Wednesday, April 2, 2014 / by Cristina Edelstein
When I first met my hubby, he ate most of his veggies fried, drank soda like it was water, and weighed about 50 pounds more than he does now. Because I was already in private practice as a nutritionist, I knew that the best way to help him be healthier was not to bribe, trick, beg, or bully him into changing. But not everyone is in my line of work. So I’ll help you out: Whether you’ve just started a relationship with someone who has unhealthy habits or your long-term partner has packed on a few pounds, these five phrases should never cross your lips. I’ll tell you why, as well as what to say (and do) instead, to help your significant other get healthy—without wrecking your relationship.
“You’ve put on weight.”
Even if it doesn’t seem like it, I guarantee that your partner is aware that they’ve gained weight. Over the years, I’ve had many clients tell me that they knowingly wore too-tight clothes (or bought bigger ones), without ever broaching the subject with their spouses, because they just weren’t ready to face the issue. Also, the weight gain may not really be about food. Barring a health issue, like a thyroid problem, an increase in size is often a side effect of emotional eating. So if your partner has put on weight, they may be turning to food to cope with something else that’s going on. Rather than bringing up the weight, just ask, “Are you OK?” Many of my clients stopped using food as a crutch once they started to communicate openly with their partners and and got the emotional support they needed, but weren’t able to ask for.
“You shouldn’t be eating that.”
Even if your mate really didn’t know that chocolate covered pretzels aren’t exactly the healthiest snack, pointing it out implies judgment, which feels awful coming from a romantic partner. I’ve counseled couples who stopped having sex, then stopped talking to each other, because one began patrolling the other’s diet, which led to hurt feelings, anger, and resentment. The best way to help is not to point out what your partner is doing wrong, but instead consistently and casually offer healthy options in a non-judgmental fashion. When my hubby and I met, there were many healthy foods he’d never tried, like hummus and roasted Brussels sprouts. But when he liked the items I offered, he began eating them regularly, without me having to push. Even just making healthy foods accessible can help a lot, like placing a fruit bowl on the counter top, or putting ready-to-eat fruits and veggies in clear containers on the top shelf of the fridge.
“Haven’t you had enough?”
Sometimes a client will tell me that they’ve asked their spouse to help them lose weight by stopping them when they’re overeating. Other spouses volunteer for that position without being asked. In either case, this tactic typically backfires. Monitoring portions tends to lead to the same anger tied to policing “bad” foods, and can often lead to secret binges or purposefully overeating when the bullying partner isn’t around. So even if your partner asks, don’t agree to take on this role. Instead, try practical ways to curb portions, like using smaller plates, breaking up leftovers into single, smaller servings, and reducing portions of starchy foods like whole grain pasta and rice and displacing them with more veggies. These strategies tend to lead to naturally eating less. You can also become the pacesetter when you eat together. Without saying a word, consciously eat more slowly. We tend to mimic the pace of the people we eat with, so if you slow down, chances are your partner will, too, and studies suggest that eating slower can help curb mindless overeating.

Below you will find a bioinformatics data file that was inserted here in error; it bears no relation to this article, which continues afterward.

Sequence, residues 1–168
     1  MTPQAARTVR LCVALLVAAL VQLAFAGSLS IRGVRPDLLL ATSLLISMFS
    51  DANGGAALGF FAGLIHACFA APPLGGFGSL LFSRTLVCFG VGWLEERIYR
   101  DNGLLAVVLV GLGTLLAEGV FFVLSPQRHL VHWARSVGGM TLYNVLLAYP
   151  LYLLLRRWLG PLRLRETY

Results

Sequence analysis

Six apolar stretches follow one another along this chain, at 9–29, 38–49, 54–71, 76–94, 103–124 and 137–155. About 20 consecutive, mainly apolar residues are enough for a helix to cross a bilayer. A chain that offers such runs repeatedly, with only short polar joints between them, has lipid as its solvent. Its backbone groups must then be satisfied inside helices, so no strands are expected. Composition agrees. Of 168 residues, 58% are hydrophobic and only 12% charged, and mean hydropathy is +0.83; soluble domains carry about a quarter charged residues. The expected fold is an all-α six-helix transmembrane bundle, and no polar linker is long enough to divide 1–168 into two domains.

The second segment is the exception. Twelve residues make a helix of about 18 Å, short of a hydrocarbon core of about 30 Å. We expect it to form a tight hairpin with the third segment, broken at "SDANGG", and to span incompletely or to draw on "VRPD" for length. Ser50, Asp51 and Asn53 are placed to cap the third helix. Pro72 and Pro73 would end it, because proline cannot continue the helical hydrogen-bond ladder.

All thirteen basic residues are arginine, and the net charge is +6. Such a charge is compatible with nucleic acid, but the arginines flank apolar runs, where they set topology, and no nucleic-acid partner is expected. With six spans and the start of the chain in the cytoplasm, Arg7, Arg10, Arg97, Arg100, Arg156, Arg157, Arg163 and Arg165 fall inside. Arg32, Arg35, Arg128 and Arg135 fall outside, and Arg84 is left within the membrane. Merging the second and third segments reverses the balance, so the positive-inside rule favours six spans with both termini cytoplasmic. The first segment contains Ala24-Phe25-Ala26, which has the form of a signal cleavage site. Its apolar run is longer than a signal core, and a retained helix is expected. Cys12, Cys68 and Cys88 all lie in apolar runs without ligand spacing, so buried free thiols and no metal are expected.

“It’s easy, all you have to do is…”
While some people can manage their weight pretty effortlessly, it’s a real struggle for others. The truth is, weight control is a lot more complicated than calories in, calories out, or eat less, move more. Plus, what works for one person may not work for another. For example, some of my clients love tools that help them track what they’re eating, while others loathe them. Some do better with repetition, others need variety. And some can treat themselves without triggering a binge, while others can’t. Rather than trying to school your partner in what works for you, try to examine what works for them. You might even ask, “Is there anything I can do to support you?” When you start to see things through your partner’s eyes, you may find that the view is very different.
“I’m just trying to help.”
In my experience, food cops really aren’t trying to be bullies. In most cases, policing does come from a caring place. But regardless of your intentions, it’s important to see how your words and actions make your partner feel. At some point in your life, you’ve probably had a teacher, coach, caregiver, or boss who constantly looked over your shoulder. Even if it’s well-intentioned, this kind of scrutiny just doesn’t feel good, especially when we’re adults. So rather than trying to justify being a food cop, learn to let go. Make peace with the fact that your significant other is responsible for their own behavior and that there’s nothing you can do to make them change, even if you think it will save their life. Instead, start directing your energy toward being a healthy role model, and trying out my suggestions above. Your partner is much more likely to respond, and you’ll immediately unburden yourself and your relationship.